Empowering your subscribers to take positive actions boosts retention. Autonomy allows subscribers to feel more like a participant than a passenger, an informed and engaged customer will continue to grow LTV and lower churn. Sound too good to be true? Keep reading, we’ve got the data to back it up.

Let’s dive into actionable touchpoint strategies to boost retention. The data used in this analysis was collected from over a year’s worth of transactions across a significant set of merchants using Recharge.

Here are our three top takeaways on how optimizing customer touchpoints impacts retention.

Insight 1: Actions = Retention

Customers want choice, they want options, they want to feel like they are empowered to customize their subscription. The numbers showed that when they have those opportunities and use them they are more likely to stay around longer. Here’s the data:


15% lift in retention when customers take an action, any action.

The left chart shows when customers upgrade to a more expensive product or downgrade to a cheaper product, retention increases. The specifics aren’t important, rather it’s the knowledge that when a customer chooses an actionable option in their Customer Portal they become less likely to churn.

On the right side, no action by customers proves to be a bad thing. These are disengaged customers that either don’t know how to manipulate their subscriptions or just choose not to. Either way, they are more likely to churn than those who consistently take actions in the portal.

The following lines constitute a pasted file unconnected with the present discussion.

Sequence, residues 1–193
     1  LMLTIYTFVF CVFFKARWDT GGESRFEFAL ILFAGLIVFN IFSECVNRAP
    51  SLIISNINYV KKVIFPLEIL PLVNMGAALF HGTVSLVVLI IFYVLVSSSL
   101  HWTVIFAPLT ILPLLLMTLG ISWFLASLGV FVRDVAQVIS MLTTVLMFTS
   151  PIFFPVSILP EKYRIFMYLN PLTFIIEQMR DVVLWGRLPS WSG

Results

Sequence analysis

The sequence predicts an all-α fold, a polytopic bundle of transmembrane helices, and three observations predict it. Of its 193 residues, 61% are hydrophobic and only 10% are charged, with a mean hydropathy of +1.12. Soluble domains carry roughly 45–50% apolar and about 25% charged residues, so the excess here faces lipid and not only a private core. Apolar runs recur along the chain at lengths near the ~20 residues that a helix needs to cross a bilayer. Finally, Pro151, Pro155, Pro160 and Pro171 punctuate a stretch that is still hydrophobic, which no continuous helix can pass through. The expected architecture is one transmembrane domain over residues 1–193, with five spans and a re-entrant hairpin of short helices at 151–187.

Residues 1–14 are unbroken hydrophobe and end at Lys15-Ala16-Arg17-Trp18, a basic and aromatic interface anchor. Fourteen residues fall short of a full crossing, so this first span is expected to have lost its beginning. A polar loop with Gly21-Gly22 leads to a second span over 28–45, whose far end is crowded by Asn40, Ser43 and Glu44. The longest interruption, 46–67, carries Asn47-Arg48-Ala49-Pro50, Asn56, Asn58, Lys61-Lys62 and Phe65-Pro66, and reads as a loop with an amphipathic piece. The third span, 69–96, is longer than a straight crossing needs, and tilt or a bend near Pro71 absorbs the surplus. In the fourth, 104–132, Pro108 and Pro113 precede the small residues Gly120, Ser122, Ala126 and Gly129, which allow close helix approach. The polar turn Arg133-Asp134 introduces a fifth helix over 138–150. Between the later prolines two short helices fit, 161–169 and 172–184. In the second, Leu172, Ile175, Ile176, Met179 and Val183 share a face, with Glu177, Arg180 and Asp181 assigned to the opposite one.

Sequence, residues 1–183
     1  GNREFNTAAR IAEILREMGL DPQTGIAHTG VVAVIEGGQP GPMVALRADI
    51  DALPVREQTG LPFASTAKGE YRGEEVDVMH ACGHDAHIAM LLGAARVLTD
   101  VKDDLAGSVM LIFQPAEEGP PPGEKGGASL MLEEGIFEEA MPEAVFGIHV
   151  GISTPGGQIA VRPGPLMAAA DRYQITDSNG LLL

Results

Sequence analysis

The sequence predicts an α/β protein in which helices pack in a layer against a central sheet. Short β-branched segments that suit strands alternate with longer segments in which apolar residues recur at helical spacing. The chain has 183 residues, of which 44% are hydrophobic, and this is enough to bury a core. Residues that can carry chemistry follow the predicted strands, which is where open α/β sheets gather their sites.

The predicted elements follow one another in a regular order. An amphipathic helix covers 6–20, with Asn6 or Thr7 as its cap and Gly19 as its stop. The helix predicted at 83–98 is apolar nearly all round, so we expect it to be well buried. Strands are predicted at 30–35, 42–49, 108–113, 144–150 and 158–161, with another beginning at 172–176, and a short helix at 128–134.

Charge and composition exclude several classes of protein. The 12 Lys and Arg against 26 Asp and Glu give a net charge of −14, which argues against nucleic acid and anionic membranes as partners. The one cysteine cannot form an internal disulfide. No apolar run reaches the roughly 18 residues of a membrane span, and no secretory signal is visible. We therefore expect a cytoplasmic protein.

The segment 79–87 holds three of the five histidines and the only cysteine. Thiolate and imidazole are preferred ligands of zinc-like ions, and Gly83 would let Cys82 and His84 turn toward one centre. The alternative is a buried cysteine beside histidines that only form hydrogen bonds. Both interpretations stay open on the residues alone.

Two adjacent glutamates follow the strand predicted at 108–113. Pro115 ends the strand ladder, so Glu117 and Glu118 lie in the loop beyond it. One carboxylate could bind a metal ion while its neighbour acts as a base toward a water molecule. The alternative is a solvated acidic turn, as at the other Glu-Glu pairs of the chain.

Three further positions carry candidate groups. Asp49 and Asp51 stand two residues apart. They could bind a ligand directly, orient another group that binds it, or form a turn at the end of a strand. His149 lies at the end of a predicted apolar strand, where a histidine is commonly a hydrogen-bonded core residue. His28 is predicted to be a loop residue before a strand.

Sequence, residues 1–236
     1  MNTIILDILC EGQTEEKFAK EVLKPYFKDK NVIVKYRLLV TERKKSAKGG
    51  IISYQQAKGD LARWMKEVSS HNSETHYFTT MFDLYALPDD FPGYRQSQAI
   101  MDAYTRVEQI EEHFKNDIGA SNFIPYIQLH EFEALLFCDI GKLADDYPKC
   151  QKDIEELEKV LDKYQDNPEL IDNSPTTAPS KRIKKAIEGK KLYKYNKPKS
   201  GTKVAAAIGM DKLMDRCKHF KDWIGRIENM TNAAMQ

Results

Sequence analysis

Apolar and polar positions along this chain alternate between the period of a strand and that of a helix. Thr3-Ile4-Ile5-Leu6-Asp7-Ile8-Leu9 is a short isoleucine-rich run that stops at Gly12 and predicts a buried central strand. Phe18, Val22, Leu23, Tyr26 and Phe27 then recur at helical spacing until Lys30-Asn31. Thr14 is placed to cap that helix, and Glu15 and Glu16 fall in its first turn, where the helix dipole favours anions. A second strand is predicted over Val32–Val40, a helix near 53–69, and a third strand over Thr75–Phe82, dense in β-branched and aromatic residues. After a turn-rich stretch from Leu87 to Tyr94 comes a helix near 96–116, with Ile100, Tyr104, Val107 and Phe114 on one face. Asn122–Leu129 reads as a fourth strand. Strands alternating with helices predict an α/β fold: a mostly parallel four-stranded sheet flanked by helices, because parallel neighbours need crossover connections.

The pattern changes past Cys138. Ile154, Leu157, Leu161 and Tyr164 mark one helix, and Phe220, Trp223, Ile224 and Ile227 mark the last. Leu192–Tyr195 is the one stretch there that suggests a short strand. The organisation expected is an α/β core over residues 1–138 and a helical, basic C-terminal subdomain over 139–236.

What kinds of actions can customers take? Skip, swap and pause were all included in our data findings. These features should all be considered as best practices when looking at lowering churn.

Here’s how some top DTC brands incorporate these options into their Customer Portals.

On the right handside of their Customer Portal you can see how wellness brand, Moon Juice, offers their subscribers the ability to skip, delay, and edit their monthly subscription.

moon juice

Perfect Keto, a ketogene supplement company, offers subscribers a skip option as well as the option to add a one-time product to upcoming shipments (bottom left of their Customer Portal).

perfect keto